Square Games

Clark Baker, November 2002

Assume that you know how to square dance. Not only that, but that you are good at it. Perhaps you have already learned some Advanced and Challenge dancing. Perhaps you are even a little bored at the current dance, weekend, festival, or convention. Or perhaps you just want a slight change to make things interesting. What you need is a square game -- something you or your square can do while the caller is calling to the rest of the folks.

My ground rules for this type of dancer-led fooling around include:

My main criterion for inclusion in the following list is that the particular square game can be danced in real-time while the caller is calling to the rest of the floor. This means that it must work with his choreography and timing.

Dance with phantoms

If you don't have enough dancers for a full square, form a partial square (1 to 7 dancers works) and try to dance the choreography. Sometimes it helps to identify your counterpart in another square so you can double check in the cases where you are uncertain or get lost. This especially helps with only one or two dancers in your square.

As the square fills up, dancing with 6 or 7 dancers should feel more like a full square, and your focus should be more internal to the square than external checking off a counterpart.

Skills you will need to develop include knowing what the overall formation is (e.g. Right-Hand Ocean Waves, Lines Facing, etc.) and your position in it (e.g. Lead Center in Right Hand Waves, #3 in a column). Usually it is not necessary to track the exact sex arrangement, but experienced phantom dancers can do a reasonable job on that. Another skill is dancing so that the square is always the correct size and shape with respect to the the other real dancers. This will allow you to interact with the real dancers when you are supposed to. With only 2 or 3 real dancers in the square, it is important to know when they are adjacent to you, etc.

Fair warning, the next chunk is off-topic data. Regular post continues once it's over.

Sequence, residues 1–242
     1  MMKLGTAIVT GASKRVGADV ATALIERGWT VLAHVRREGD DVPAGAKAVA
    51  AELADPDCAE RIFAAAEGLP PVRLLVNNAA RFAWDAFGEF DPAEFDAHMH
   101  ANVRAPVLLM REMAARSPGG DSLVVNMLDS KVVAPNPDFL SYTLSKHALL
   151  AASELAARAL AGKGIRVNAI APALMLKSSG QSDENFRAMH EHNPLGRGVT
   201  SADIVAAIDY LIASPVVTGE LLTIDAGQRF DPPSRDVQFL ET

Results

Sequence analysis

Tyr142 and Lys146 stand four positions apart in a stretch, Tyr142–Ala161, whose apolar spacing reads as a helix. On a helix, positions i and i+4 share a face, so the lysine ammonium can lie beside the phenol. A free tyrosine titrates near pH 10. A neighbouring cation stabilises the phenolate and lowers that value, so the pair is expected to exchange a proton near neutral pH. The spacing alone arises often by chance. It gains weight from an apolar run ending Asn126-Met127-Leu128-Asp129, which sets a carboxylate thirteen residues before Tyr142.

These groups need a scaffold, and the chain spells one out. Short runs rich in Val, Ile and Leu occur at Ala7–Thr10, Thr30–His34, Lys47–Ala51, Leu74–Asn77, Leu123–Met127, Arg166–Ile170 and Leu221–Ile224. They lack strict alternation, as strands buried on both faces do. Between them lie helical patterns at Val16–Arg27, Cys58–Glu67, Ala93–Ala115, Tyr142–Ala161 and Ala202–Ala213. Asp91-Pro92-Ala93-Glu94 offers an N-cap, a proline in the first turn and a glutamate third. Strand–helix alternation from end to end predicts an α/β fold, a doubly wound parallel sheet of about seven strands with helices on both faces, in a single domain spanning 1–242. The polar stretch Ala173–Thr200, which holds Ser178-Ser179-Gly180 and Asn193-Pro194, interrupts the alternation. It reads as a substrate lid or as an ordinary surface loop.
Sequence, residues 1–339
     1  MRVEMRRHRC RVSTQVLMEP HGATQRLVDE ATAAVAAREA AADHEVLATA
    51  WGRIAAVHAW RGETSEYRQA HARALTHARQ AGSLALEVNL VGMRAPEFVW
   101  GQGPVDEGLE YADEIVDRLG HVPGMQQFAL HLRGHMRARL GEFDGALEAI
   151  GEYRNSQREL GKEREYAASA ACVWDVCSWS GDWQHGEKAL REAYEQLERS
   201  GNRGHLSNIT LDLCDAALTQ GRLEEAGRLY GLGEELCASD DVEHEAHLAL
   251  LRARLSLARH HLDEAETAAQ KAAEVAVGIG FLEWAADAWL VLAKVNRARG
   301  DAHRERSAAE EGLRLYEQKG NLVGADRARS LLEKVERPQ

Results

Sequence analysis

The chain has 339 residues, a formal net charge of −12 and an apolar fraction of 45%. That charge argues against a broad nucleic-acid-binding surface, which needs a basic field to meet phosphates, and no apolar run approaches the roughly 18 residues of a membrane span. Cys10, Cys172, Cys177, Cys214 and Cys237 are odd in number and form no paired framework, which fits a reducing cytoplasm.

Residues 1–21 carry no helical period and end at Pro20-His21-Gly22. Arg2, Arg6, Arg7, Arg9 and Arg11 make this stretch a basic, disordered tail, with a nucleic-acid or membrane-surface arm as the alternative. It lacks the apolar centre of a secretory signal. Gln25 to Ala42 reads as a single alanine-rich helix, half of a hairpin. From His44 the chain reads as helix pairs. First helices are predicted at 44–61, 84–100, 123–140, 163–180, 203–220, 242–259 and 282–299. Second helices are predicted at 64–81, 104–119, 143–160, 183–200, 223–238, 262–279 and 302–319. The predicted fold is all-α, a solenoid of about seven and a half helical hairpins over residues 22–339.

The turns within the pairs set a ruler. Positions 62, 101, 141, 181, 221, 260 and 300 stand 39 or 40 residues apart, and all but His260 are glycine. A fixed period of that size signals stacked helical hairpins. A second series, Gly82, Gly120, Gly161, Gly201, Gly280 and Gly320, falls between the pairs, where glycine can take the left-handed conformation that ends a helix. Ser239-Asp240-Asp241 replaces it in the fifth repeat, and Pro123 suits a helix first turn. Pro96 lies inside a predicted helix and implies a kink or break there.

In squaring up, you have a decision to make with respect to diagonal opposites. With two dancers, you could both decide to be head men (i.e. opposite each other). This allows you to check each decision off the other dancer. Another alternative would be to be one head man and one side man. This would be harder, but you would always know where the men are, and hence where the women are.

Dance "no hands"

Unless you have tried it, dancing without using hands is a lot harder than you might expect. You lose many of the kinesthetic clues that may help you start a call or allow you to realize that you are heading in the wrong direction.

When dancing without hands, it can help if you try to make connections with the other dancers using eye contact.

I find it better to have the whole square decide to dance without hands instead of just one or two dancers. That said, my daughter shows her displeasure with me by refusing to use hands only with me.

Same sex square

Dancing a square of all boys or all girls can be fun. Half the dancers must correctly dance the other gender's part. Also, it can get confusing on calls like "Boy's Run". It helps to have the named dancers identify themselves by raising a hand. It can also help to memorize who is dancing arky before the tip starts.

Arky square

Take a normal square and have everyone Half Sashay. Now all the women are dancing the boy's part and vice versa. While this shouldn't matter for many calls, the ones it does have been internalized at such a deep, instinctive level, many will find Arky dancing difficult. Be sure to do both the patter and singing call, because singing calls usually have their own set of gender-specific calls waiting to surprise you.

Rotating Square